The United States isn’t exactly known for its mass transportation. In all but the biggest American cities — and even in some of those — the only thing resembling public transit is the school bus. But in his final years in office, President Obama hopes to change this. Or at least start talking about it.

Politico reports that when Obama proposes the final budget of his presidency, it will call for spending more than $300 billion over the next decade to fund carbon-reducing transit projects, including subways, buses, light rail, freight rail, and a big expansion of high-speed rail, as well as potentially-less-carbon-reducing projects like self-driving cars.

And how does Obama propose to pay for it? With a $10 “fee” on every barrel of oil sold. In theory, this fee would be levied on oil companies, but even the White House acknowledges that it would probably be passed right down to consumers. “This is a per-barrel fee on oil paid for by oil companies,” White House economic adviser Jeff Zients said Thursday. “So they’re the ones paying the fee. We recognize that oil companies will likely pass on some of these costs.”

From Politico:

Two senior administration officials authorized to discuss the plan described it as a sharp departure from unsustainable asphalt-driven Washington policies that date back to President Eisenhower’s creation of the interstate highway system, as well as an aspirational next step for a climate-conscious president who has already ratcheted up fuel-efficiency standards for cars and trucks, doled out unprecedented green energy subsidies, cracked down on carbon pollution from power plants, and pushed through a global climate deal in Paris. They said that transportation accounts for 30 percent of U.S. emissions, and that Obama’s plan would boost spending on green transportation infrastructure by about 50 percent. They also argued that the U.S. transportation system, long the envy of the world, has become an economic drag that imposes $160 billion in hidden taxes on businesses and commuters while stranding Americans in traffic for 7 billion hours every year.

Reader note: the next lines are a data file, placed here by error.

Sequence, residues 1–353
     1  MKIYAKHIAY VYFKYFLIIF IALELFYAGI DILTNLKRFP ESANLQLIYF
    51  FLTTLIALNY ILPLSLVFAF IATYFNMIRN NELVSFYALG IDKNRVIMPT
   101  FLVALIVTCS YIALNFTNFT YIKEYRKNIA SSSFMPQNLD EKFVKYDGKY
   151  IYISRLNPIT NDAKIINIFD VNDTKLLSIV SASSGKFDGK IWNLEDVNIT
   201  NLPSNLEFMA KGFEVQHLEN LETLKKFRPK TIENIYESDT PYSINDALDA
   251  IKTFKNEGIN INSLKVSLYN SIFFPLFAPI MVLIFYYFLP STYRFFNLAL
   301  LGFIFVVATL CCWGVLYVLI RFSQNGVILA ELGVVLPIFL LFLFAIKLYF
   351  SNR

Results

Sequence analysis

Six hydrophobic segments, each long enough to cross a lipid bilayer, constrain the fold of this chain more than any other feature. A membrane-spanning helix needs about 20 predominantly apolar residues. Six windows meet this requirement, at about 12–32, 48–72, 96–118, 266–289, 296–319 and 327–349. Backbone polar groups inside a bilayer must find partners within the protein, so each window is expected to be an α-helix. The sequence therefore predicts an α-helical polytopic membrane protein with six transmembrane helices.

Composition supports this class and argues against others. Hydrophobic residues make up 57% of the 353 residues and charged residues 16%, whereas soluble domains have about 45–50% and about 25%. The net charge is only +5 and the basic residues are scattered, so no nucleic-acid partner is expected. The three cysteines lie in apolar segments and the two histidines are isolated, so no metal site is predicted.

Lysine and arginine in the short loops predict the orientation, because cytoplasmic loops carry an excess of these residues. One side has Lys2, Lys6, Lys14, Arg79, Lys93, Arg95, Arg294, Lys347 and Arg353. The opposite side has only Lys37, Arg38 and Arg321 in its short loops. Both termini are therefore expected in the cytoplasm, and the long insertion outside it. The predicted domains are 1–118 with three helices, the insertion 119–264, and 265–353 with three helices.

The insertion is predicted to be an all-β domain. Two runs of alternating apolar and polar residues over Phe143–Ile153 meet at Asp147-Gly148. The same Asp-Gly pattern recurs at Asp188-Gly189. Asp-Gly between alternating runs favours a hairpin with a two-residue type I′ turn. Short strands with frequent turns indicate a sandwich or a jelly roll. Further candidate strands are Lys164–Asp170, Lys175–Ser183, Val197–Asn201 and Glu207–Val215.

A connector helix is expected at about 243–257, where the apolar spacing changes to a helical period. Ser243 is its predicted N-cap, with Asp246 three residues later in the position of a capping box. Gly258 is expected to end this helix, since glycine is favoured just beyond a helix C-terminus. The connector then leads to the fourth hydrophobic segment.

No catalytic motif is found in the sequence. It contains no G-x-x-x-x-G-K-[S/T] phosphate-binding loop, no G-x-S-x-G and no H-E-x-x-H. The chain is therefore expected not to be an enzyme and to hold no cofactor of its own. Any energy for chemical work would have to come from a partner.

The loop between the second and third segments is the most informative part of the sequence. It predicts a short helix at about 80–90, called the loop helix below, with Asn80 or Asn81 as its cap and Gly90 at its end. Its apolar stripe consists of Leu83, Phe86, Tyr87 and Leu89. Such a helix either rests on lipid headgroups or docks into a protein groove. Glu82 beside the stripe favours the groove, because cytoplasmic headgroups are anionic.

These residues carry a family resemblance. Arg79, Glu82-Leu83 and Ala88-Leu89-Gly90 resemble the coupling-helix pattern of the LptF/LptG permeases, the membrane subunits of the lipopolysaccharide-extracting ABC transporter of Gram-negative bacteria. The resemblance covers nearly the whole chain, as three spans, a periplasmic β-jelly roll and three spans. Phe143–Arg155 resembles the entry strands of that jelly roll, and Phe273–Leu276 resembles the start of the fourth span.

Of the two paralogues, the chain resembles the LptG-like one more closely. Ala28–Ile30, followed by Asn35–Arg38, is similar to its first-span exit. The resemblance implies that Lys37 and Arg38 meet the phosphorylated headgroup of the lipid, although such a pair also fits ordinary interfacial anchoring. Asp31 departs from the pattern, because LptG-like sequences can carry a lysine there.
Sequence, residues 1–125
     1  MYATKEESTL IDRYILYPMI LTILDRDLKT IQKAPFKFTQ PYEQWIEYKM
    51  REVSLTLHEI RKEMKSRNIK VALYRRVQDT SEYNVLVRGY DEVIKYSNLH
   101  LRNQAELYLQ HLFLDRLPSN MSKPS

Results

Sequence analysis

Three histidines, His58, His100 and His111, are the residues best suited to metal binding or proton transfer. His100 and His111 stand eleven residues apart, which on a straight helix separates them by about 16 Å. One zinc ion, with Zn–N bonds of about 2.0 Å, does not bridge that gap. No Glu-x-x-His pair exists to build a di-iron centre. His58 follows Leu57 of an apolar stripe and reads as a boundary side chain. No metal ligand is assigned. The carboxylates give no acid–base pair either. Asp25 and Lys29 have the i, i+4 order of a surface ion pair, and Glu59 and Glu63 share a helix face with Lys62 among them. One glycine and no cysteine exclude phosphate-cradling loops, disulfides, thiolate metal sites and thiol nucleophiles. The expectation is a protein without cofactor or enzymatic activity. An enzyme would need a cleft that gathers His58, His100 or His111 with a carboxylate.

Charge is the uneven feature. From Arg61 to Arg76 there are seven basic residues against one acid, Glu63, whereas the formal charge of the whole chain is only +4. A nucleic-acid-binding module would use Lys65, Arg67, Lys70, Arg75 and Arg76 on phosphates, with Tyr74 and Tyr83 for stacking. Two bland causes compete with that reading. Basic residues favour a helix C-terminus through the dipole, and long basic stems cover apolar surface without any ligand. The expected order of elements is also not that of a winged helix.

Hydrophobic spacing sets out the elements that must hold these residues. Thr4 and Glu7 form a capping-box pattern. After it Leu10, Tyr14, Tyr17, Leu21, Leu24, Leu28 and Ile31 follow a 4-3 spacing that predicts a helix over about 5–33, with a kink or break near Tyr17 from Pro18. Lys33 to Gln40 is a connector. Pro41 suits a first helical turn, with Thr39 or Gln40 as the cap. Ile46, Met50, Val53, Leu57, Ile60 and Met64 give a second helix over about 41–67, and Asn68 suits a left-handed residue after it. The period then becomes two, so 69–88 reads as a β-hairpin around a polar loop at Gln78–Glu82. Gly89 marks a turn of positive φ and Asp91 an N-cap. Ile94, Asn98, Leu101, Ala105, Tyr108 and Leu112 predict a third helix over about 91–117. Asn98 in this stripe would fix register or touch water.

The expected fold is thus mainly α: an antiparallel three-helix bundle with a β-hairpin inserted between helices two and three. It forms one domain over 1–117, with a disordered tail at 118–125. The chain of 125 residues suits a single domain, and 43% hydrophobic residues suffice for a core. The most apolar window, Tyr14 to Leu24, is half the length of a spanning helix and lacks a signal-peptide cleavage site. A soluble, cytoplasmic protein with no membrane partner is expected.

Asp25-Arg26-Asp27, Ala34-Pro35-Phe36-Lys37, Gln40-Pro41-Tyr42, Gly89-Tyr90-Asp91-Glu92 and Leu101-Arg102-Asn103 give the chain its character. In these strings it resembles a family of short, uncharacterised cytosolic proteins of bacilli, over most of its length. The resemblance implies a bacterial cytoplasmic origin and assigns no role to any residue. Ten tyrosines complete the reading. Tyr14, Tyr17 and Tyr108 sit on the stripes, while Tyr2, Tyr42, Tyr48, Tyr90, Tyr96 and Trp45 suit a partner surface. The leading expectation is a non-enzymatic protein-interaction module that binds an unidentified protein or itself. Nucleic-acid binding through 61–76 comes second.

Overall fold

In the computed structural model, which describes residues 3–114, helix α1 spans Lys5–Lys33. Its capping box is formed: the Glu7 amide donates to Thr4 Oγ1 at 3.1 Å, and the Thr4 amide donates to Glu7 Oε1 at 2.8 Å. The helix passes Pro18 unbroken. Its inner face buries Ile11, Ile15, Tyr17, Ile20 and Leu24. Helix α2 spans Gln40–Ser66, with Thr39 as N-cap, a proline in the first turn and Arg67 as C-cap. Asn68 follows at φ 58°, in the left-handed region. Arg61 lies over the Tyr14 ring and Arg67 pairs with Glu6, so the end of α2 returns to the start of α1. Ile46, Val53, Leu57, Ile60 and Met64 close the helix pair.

Former Pennsylvania governor Ed Rendell, who was briefed about the plan in his role as co-chair of the pro-infrastructure group Building America’s Future, called it the boldest transportation blueprint since Eisenhower envisioned the interstates.

“Since then we’ve just been bumping along, doing short-term fixes, and I give them a lot of credit for laying out this kind of long-term investment,” said Rendell, a Democrat who has been a frequent Obama critic. “I also give them credit for having the guts to say how they would pay for it all. That’s very unusual in this area.”

So what’s the likelihood this oil tax — uh, we mean oil “fee” — will come to fruition? Approximately zero. With the GOP in control of Congress, the president’s budget — transportation and otherwise — is expected to die as soon as it reaches Capitol Hill. Although the gas tax hasn’t been raised since 1993, tax increases are hugely unpopular with Republicans in office — including those running for president. Marco Rubio, for instance, has said that as president he would cut the gas tax by 80 percent.

As for the Democrats, neither Bernie Sanders nor Hillary Clinton have weighed in. But, as Mother Jones points out, although both candidates have largely been supportive of Obama’s climate change plan, Clinton may feel compelled to reject the proposed tax hike after promising not to raise taxes on families making less than $250,000 a year.